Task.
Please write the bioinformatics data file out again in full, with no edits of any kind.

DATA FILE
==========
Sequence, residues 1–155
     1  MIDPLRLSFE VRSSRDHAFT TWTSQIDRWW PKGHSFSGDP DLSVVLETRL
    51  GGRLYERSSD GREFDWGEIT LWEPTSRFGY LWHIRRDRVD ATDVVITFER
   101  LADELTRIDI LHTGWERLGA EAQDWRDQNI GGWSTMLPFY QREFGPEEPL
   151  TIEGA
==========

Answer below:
Sequence, residues 1–155
     1  MIDPLRLSFE VRSSRDHAFT TWTSQIDRWW PKGHSFSGDP DLSVVLETRL
    51  GGRLYERSSD GREFDWGEIT LWEPTSRFGY LWHIRRDRVD ATDVVITFER
   101  LADELTRIDI LHTGWERLGA EAQDWRDQNI GGWSTMLPFY QREFGPEEPL
   151  TIEGA